Criteria for non-operative management included hemodynamic stability (defined as systolic blood pressure > 90 mmHg and pulse rate < 100 beats/min), absence of other intraabdominal injuries detected on abdominal ultrasound or CT scan requiring laparotomy, and limited need for splenic-related transfusion (≤ 2 units). Non-operative treatment was continued in patients with higher transfusion requirements only if it could be established that these additional transfusions were necessitated by associated injuries. Candidates for nonoperative management were placed on bed rest and monitored for hemodynamic stability and transfusion requirements. Patients had hourly assessment for pulse rate, blood pressure, urinary output, abdominal girth and tenderness, sensorium, temperature and respiratory rate. Daily haematocrit, blood chemistry, radiological monitor and bed rest were the routine for a period of 1 to 7 days. Patients who demonstrated any degree of hemodynamic instability or required further transfusion because of the splenic injury were immediately taken to the operating room. During surgery, the decision to perform splenectomy or to attempt splenic repair was based primarily on the grade of splenic injury, severity of associated injuries and the intraoperative stability of the patient. All patients were followed up till discharged or death. After discharge patients were followed up at the surgical outpatient clinic for up to 6 months. This information was collected using a pre-tested questionnaire.

Statistical data analysis

Statistical data analysis was done using SPSS software version 17.0 (SPSS, Inc, Chicago, IL). Data was summarized in form of proportions and frequent tables for categorical variables. Continuous variables were summarized using means, median, mode and standard deviation. P-values were computed for categorical variables using Chi-square (χ2) test and Fisher's exact test depending on the size of the data set. Independent student t-test was used for continuous variables. Multivariate logistic regression analysis was used to determine predictor variables that are associated with outcome. A p-value of less than 0.05 was considered to constitute a statistically significant difference.

Ethical consideration

Ethical approval to conduct the study was obtained from the CUHAS-Bugando/BMC joint institutional ethic review committee before the commencement of the study. Informed consent was sought from each patient before being enrolled into the study.


Patient's characteristics

During the period under study, a total of 118 patients with splenic injuries were studied. One hundred and two (86.4%) patients were males and sixteen (13.6%) were females with a male to female ratio of 6.4:1. Their ages ranged from 8 to 74 years with a median age of 22 years. The modal age group was 21-30 years. Ninety-four (79.7%) were below 40 years of age, while 24 (20.3%) were aged 40 years and above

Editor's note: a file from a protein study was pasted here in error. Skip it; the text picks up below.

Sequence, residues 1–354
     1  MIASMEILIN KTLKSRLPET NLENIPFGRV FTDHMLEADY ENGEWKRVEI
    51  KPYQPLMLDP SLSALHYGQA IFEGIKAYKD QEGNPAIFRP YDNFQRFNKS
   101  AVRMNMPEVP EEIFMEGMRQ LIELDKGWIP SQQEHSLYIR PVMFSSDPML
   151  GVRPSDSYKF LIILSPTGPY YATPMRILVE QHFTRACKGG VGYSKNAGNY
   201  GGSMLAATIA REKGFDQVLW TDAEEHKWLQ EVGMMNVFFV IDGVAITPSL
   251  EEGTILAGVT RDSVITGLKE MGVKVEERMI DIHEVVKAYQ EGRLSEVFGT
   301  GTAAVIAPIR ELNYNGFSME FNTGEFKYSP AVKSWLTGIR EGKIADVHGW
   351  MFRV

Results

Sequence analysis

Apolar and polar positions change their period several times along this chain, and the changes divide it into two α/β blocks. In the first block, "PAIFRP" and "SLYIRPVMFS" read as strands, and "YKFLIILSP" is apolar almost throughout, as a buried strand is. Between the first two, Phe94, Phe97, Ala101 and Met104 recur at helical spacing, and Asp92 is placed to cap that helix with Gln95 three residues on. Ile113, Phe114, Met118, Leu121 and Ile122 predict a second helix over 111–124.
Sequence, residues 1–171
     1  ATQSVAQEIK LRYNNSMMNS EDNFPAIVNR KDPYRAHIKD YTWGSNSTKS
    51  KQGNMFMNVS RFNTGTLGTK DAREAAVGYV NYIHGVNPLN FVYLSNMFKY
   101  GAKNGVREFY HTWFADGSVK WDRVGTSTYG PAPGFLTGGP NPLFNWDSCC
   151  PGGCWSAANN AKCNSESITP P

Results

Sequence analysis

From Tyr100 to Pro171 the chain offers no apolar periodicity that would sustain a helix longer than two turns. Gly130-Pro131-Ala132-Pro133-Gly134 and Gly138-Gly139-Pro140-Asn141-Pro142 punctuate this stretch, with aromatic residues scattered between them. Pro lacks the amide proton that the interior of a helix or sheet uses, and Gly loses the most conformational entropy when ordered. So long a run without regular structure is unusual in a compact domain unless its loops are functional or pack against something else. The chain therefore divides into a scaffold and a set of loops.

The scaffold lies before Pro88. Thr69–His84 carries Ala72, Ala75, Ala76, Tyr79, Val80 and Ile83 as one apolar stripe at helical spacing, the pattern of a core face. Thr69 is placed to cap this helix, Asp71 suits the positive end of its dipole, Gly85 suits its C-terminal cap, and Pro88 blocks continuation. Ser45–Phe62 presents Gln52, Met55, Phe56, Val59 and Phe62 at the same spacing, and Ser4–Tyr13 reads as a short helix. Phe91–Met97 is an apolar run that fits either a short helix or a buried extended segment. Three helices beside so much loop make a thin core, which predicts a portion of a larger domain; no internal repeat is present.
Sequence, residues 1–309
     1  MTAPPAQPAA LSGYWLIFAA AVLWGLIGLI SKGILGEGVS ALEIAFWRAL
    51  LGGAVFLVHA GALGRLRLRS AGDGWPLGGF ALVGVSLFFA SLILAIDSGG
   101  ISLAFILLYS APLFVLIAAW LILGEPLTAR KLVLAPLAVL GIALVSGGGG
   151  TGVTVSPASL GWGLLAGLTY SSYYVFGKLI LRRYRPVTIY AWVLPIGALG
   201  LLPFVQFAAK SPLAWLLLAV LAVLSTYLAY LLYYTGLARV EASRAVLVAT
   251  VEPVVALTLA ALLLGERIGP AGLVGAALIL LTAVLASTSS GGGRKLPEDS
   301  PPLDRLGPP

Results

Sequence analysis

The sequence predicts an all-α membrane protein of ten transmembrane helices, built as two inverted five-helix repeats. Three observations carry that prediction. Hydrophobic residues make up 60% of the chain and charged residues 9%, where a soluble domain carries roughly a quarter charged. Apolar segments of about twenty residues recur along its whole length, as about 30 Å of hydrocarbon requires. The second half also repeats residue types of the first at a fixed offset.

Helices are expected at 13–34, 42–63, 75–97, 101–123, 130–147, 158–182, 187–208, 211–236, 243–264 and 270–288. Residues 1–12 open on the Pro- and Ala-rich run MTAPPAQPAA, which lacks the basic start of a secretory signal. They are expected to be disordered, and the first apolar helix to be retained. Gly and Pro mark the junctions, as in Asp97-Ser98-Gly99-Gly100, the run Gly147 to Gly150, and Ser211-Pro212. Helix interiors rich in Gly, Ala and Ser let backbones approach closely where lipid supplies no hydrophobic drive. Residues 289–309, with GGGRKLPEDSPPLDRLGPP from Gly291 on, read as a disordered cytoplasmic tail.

The majority of patients, 79 (66.9%) had primary or no formal education. Petty businessmen, 56 (47.5%) and students, 32 (27.1%) were commonly injured followed by peasants, pre-school children and public servants in 14(11.9%), 10(8.5%) and 6(5.1%) patients respectively. Eight (6.8%) patients reported to have concomitant illness. These included diabetes mellitus in 3 (37.5%) patients, congenital heart failure in 2 (25.0%), hypertension, renal disease and chronic chest infections in 1 (12.5%) patient each respectively. A total of 11 (9.3%) patients were HIV positive. Of these, 7 (63.6%) patients had risk factors for HIV infection such as multiple sexual partners (Odd Ratio 3.32, C.I. (2.35- 6.44), P = 0.002) and alcoholism (Odd Ratio 5.54, C.I. (3.67- 12.35), P = 0.016). Their CD4 count ranged from 78 to 696 cells/μl with the mean of 361 ± 162 cells/μl. Four (36.4%) patients in the group of HIV positive patients had CD4 count ≤ 200 cells/μL and the remaining seven (63.6%) HIV positive patients had CD4 count > 200 cells//μL.

Circumstances of injury

The vast majority of patients, 106 (89.8%) sustained blunt injuries and the remaining 12 (10.2%) patients had penetrating injuries. The blunt to penetrating injuries ratio was 8.8:1. Road traffic accidents (RTAs) were the most common cause of injury accounting for 75 (63.6%) patients. Forty-eight (64.0%) of RTAs were related to motorcycle injuries affecting motorcyclists 22 (45.8%), passengers 16 (33.3%) and pedestrian 10 (20.8%). Other causes were fall from height, assault and sport injuries in 18 (15.3%), 12 (10.2%) and 1(0.8%) patients respectively. Penetrating injuries such as stabbing and gunshot were recorded in 12 (10.2%) patients. There were no cases of iatrogenic splenic injuries.

Most of injuries, 98 (83.1%) occurred during the day. The vast majority of patients 86 (72.9%) reported to the A & E department within 24 h after injury. The median injury-arrival time was 18 h (range: 1-268 h). None of the patients received any pre-hospital care and majority of them, 94 (79.7%) were brought in by relatives, friends or Good Samaritan, 22 (18.6%) by police and only 2 (1.7%) patients were brought in by ambulance. The median waiting time (i.e. time interval taken from reception at the A& E Department and reception of treatment) was 3 h (range 1-6 h). The majority of patients, 86 (72.9%) were attended to within 1-2 h of arrival to the A & E department